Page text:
Third parties such as outsourced service providers and SaaS vendors are a fact of life in the IT world. It’s the nature of a hyper-connected world where hundreds (if not thousands) of applications are required to run even a modestly sized organization. There is no alternative but to trust a third party with access to confidential data. And no matter how strongly you word your outsourcing and SaaS contracts, it is your organization that must answer to its customers when something goes wrong.
Given the continuous stream of breach announcements involving failures with third-party security, CISOs should be apprehensive. The safest assumption to make is that all third-party data sharing is insecure until proven otherwise. This entails an active third-party assessment program, and the old tenet applies: If someone hasn’t checked it, it hasn’t been done.
Assessing your own risk is hard enough, how can you do it for an external organization? Not to mention you have a limited amount of time because most organizations have at least a dozen major third-party vendors.
If you remember your information security basics, proper risk assessments start with a complete asset analysis, followed by a threat analysis, controls assessment, vulnerability analysis, and impact calculations. That is a lot to do. Because of this, most organizations send their third parties questionnaires to fill out and expect them to honestly self-assess their security posture. The problem with self-assessments is that people often interpret things differently than you’d like. One organization’s idea of a security policy might be a thirty-page comprehensive document, signed and reviewed by all employees. Another’s might be a one-page, high-level guideline taped up to the server room door. Add to this discrepancy the danger that the assessed third party may tend to report what they think you want to hear. So, self-assessments always should be taken with a grain of salt.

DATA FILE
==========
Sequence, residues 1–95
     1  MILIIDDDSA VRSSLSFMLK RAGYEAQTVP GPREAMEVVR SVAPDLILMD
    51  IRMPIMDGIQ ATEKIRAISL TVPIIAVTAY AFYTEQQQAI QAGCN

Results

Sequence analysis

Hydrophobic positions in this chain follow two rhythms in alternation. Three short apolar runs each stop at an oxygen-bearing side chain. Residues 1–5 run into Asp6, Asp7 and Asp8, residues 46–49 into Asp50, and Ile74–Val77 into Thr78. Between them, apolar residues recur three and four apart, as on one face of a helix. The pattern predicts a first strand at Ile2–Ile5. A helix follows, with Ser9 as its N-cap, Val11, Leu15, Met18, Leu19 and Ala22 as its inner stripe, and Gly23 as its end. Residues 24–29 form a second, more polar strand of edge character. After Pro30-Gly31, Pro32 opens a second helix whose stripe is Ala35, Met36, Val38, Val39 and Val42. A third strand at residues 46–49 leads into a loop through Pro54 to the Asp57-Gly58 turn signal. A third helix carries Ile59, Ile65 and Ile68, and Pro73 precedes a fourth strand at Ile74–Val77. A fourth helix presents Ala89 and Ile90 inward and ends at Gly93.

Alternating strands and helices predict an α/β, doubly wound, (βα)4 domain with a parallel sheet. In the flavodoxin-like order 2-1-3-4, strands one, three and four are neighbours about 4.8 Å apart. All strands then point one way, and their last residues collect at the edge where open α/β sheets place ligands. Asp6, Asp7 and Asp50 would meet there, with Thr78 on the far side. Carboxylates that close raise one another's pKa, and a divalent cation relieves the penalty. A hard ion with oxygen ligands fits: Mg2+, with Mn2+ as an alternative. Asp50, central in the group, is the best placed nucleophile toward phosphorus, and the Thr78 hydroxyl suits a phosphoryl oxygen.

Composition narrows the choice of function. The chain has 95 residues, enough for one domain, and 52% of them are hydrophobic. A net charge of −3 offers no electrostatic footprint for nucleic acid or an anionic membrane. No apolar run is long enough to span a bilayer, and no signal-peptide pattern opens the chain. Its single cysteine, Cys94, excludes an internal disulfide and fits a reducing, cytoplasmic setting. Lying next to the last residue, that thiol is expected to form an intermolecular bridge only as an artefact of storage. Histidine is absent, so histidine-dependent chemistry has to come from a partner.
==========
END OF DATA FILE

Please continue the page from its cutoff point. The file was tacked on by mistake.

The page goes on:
Even if an assessment is done with demands for evidence, such as documentation, diagrams, and scan reports, data becomes irrelevant quickly in fast-moving organizations. Documentation can be incomplete, obsolete, or simply ignored. A lot of network diagrams are almost immediately out of date after publishing, especially manually created ones. Scan outputs are not reality, but rather the tool’s perception of reality. Where does this leave us?
With apologies to Winston Churchill1: Audit is the worst form of measuring a security program—except for all those other forms that have been tried from time to time.
To be more consistent in our approach, we need to do away with this ambiguity and upgrade from an assessment to an audit. The difference between the two is that an audit is assessment to an accepted standard. The audit standard defines the breadth, depth, and frequency of measurement so you have some reliably consistent results. Most audits mandate specific inspection and verification methods by trained professionals so you will have a more accurate picture.